Speech by Christine Lagarde, Managing Director, International Monetary Fund Atlantic Council, Washington, DC, February 8, 2017
February 8, 2017
Thank you for the kind introduction, Mona. And thank you to Fred Kempe, Andrea Montanino, and the Atlantic Council for giving me the opportunity to talk about the importance of transparency in the work we do at the International Monetary Fund.
As you know, the IMF's job is to promote global economic and financial stability. This is a precious public good-because it allows the economic pie to grow and because it makes it easier to share the pieces more fairly among all citizens.
Our member countries create this public good of economic and financial stability-by disclosing data and policies in a transparent manner; by sharing this information with other governments and the public; and by working together-not only in times of crisis, but every single day.
Our members do all this-with our help-because they know that what happens in one economy, in one financial system, matters to many other economies in this hyper-connected world.
In other words, the IMF could not do its job without the power of transparency. We harness that power as we play our various roles:
We are the trusted adviser to governments who often share market-sensitive information with us.
We are the global watchdog who raises red flags and encourages information sharing and collaboration.
We are the fitness coach who provides hands-on technical assistance and training.
And we are the firefighter who provides financial assistance in times of need-so economies can get back on their feet and provide better prospects for their citizens.
Transparency allows us to wear all these different hats, for the benefit of our global membership.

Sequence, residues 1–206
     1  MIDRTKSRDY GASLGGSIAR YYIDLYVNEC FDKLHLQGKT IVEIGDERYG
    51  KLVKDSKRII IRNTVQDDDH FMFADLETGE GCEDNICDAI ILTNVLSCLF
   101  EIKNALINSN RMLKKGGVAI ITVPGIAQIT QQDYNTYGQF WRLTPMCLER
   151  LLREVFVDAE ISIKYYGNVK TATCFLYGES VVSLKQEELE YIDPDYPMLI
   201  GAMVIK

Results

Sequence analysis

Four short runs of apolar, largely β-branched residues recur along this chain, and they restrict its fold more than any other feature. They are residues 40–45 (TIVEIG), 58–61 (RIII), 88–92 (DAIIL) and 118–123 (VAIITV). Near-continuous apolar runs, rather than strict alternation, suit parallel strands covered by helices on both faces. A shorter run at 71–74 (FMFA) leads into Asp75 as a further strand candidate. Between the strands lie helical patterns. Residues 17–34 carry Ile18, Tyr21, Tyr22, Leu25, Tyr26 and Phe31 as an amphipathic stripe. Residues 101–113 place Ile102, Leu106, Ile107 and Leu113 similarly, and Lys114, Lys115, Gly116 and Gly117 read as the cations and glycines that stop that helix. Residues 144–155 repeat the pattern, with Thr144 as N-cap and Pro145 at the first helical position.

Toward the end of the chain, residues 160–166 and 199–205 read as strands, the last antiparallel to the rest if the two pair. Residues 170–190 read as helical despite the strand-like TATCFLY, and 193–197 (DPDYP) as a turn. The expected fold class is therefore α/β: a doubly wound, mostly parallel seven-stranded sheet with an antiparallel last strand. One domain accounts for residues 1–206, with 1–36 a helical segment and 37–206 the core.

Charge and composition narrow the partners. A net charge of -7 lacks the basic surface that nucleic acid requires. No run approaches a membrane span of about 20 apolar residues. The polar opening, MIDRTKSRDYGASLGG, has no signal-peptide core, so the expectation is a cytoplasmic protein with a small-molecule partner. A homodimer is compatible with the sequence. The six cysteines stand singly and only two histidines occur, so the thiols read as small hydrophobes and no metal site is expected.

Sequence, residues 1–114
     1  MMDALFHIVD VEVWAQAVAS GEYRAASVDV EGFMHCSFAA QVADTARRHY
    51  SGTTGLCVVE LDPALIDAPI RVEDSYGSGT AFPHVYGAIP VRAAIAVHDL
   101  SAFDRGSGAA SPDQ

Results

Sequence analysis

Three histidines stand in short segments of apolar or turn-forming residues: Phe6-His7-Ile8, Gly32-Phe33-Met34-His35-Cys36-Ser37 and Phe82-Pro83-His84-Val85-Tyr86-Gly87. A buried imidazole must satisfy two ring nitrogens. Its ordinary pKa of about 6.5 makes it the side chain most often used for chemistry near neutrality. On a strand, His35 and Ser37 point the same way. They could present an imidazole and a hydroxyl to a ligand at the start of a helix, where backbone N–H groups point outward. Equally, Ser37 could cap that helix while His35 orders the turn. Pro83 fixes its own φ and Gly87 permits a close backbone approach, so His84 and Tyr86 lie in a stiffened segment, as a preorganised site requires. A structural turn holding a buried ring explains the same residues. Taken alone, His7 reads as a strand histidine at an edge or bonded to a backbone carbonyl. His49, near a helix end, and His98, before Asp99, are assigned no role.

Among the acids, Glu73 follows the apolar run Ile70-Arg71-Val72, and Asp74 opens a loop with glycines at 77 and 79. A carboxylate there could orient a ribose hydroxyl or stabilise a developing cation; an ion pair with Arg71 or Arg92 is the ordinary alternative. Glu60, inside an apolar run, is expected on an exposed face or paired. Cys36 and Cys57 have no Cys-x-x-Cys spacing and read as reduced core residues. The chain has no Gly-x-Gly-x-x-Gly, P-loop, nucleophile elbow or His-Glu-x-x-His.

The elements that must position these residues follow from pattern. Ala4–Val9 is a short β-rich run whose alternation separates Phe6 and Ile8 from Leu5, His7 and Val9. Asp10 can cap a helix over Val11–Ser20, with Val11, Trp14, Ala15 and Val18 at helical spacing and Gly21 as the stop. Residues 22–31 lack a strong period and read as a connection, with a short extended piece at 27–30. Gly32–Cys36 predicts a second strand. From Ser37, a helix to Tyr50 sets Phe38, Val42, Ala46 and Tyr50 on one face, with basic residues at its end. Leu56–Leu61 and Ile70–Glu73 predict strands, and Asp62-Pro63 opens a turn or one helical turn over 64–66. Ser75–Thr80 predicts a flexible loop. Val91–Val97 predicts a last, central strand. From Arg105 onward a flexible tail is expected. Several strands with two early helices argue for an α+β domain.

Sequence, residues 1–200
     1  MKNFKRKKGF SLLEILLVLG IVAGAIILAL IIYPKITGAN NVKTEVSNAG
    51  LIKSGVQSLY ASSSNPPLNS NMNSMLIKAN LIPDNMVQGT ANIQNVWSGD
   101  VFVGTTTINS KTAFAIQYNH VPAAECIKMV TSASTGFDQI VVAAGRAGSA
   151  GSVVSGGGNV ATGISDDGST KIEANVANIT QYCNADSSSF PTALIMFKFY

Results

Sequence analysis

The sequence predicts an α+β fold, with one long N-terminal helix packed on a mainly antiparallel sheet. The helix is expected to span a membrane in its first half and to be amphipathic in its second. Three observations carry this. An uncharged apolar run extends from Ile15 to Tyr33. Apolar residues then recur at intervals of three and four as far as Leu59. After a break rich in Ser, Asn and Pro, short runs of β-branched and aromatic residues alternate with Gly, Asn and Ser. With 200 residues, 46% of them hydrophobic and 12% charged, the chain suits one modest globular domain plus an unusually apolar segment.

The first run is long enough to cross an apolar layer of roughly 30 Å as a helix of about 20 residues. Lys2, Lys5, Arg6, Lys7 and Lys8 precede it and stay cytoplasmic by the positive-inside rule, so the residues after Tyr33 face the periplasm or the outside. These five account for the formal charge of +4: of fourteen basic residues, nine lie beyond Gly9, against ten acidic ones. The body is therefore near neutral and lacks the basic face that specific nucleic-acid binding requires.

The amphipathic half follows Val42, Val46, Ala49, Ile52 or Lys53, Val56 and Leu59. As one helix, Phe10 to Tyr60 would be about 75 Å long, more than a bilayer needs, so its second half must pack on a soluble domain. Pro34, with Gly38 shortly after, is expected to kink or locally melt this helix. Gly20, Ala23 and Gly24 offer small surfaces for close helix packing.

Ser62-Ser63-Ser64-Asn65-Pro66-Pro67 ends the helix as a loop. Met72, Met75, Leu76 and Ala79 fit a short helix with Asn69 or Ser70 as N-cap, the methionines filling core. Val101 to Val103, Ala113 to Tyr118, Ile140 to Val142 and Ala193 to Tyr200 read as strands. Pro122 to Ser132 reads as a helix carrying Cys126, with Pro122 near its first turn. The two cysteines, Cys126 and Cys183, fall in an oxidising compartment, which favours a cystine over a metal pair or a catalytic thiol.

For most of us, the benefits of transparency have been obvious in some ways. I think you would agree that much has been achieved over the past decades, but we have also tried to quantify the financial gains from greater transparency that countries could realize.
As Stanley Fischer, Vice-Chairman of the Fed and former First Deputy Managing Director of the IMF, once said: ' Nothing would help improve standards more than if countries that met higher standards were rewarded with lower borrowing costs '. 
Voilà! New IMF staff research  shows that greater data transparency-promoted through the IMF data standard initiatives-leads to a 15 percent reduction in the spreads on emerging market sovereign bonds-three months after the improvements are made.
IMF staff research also shows that, during crises, capital flight is greater in the least transparent countries, which underlines the benefits for financial stability that transparency can bring. 
Of course, what is good for our 189 member countries is good for the IMF itself. Transparency allows us to contribute to the public debate; it allows the public to scrutinize our work; and it increases our accountability.
In pursuing this transparency, this also means engaging with the broadest possible audience. This includes parliamentarians, labor unions, business owners, students, policy experts, 'non-experts', and-of course-think tanks.
This is why am I am delighted to be here at the Atlantic Council.
I look forward to our discussion. Thank you.
 Fischer, Stanley. 'Financial crises and reform of the international financial system.' Review of World Economics 139.1 (2003): 1-37.
 Sangyup Choi and Yuko Hashimoto. IMF Working Paper: 'The Effects of Data Transparency Policy Reforms on Emerging Market Sovereign Bond Spreads', (to be published: 2017).
 Gaston Gelos and Shang-Jin Wei. 'Transparency and International Portfolio Holdings'. The Journal of Finance (December 2005).
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